The Home button takes you to the top of the menu system. Search enables a search function (as you'd expect) and Eject initiates the external media for removal.
Moving on to actually using the WD TV, the menu system and on-screen display are bright, attractive, easy to understand, and generally nice to look at.
Below is the inital start-up screen; note the banner at the top indicating that the unit is searching the attached drive to locate and catalog its media content. It does this every time the user inserts a drive into one of the WD TV's two USB slots. It took several minutes to wade through the drive when I had around 20,000 files on it, but it took under 3 seconds when the drive contained just a few hundred. So, unless your media collection is massive, startup seems pretty reasonable.
The WD TV promises to support a huge range of media formats. Per the WD product page:
Music - MP3, WMA, OGG, WAV/PCM/LPCM, AAC, FLAC, Dolby Digital, AIF/AIFF, MKA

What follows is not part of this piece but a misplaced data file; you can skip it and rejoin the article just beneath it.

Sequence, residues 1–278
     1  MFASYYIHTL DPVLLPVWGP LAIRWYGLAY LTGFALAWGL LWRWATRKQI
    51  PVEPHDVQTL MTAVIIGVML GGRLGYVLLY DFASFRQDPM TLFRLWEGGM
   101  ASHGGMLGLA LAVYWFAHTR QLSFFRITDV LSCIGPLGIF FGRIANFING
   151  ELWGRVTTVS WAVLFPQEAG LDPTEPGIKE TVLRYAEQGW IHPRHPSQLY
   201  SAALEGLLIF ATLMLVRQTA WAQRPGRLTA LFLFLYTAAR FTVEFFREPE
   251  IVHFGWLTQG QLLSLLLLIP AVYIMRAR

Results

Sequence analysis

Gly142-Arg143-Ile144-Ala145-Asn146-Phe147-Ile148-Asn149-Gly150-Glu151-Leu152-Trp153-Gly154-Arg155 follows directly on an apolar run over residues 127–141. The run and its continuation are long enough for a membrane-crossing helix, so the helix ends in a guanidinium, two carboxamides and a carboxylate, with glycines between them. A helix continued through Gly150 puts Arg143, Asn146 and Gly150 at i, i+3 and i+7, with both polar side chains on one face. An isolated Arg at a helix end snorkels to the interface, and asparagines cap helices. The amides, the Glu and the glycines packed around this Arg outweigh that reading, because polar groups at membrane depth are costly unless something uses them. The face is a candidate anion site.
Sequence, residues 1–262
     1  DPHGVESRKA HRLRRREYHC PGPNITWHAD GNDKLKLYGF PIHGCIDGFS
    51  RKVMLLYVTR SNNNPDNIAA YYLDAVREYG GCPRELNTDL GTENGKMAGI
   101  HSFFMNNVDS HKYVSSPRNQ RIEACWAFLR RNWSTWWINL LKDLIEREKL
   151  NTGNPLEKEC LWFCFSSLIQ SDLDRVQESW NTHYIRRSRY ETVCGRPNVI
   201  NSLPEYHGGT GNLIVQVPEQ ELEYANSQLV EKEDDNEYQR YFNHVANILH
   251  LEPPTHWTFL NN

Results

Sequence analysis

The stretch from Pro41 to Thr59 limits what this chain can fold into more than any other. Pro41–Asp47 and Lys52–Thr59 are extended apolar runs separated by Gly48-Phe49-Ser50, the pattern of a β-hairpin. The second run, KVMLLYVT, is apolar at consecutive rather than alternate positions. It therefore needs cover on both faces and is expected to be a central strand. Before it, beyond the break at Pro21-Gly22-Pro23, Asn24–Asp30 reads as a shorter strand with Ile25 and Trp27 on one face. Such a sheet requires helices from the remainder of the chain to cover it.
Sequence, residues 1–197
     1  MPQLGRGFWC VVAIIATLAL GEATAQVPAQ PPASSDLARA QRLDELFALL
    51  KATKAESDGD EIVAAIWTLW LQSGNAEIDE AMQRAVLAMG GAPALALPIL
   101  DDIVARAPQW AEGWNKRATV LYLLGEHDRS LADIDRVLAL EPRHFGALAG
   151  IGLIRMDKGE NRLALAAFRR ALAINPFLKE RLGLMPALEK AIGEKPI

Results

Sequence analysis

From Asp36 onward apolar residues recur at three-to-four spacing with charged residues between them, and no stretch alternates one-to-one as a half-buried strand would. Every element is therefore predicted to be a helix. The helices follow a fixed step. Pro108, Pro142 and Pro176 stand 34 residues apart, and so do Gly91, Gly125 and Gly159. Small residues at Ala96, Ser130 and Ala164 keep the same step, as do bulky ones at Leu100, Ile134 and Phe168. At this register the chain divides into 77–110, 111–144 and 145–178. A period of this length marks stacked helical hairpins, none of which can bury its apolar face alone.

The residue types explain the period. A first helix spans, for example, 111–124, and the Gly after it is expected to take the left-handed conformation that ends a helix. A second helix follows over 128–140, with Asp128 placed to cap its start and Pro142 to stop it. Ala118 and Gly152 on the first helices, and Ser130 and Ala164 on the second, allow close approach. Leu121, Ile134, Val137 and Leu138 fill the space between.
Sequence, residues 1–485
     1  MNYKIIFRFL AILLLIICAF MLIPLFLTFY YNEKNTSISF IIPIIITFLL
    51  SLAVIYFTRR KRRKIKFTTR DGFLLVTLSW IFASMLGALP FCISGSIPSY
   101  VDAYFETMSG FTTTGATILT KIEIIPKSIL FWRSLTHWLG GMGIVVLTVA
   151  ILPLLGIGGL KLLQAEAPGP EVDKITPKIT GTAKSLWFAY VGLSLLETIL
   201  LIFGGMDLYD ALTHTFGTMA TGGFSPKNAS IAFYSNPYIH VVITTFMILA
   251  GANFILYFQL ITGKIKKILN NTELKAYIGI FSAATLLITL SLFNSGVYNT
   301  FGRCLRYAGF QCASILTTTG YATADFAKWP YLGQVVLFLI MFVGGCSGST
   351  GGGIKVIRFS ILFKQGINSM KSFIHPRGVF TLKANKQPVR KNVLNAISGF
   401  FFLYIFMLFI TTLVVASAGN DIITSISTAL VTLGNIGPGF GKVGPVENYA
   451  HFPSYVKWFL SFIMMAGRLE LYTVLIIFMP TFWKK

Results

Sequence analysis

Photo - JPEG, GIF, TIF/TIFF, BMP, PNG
Video - MPEG1/2/4, WMV9, AVI (MPEG4, Xvid, AVC), H.264, MKV, MOV (MPEG4, H.264)
Playlist - PLS, M3U, WPL
While it didn't play absolutely everything I threw at it, the items it did not play (e.g., a Sorenson/SVQ file, an old Real video file, and some odd H.264 variants), were definitely on the more obscure range of formats. I was very impressed that it played large ISO files without a hiccup. The WD TV does not support DRM content (but then you shouldn't be supporting DRM by buying encumbered downloads in the first place). The CD-ROM included in the WD TV box provides a media transcoding app (ArcSoft MediaConverter - "a fast, easy-to-use application that converts photo, video, and music files into formats optimized for use on the WD TV HD Media Player"), which is a good sign that hardware companies may not be as scared of content owners as they once were.
An interesting/fun bit of functionality is that you can view photos while listening to audio coming off the same, or a different, external drive, as the WD screen cap below shows.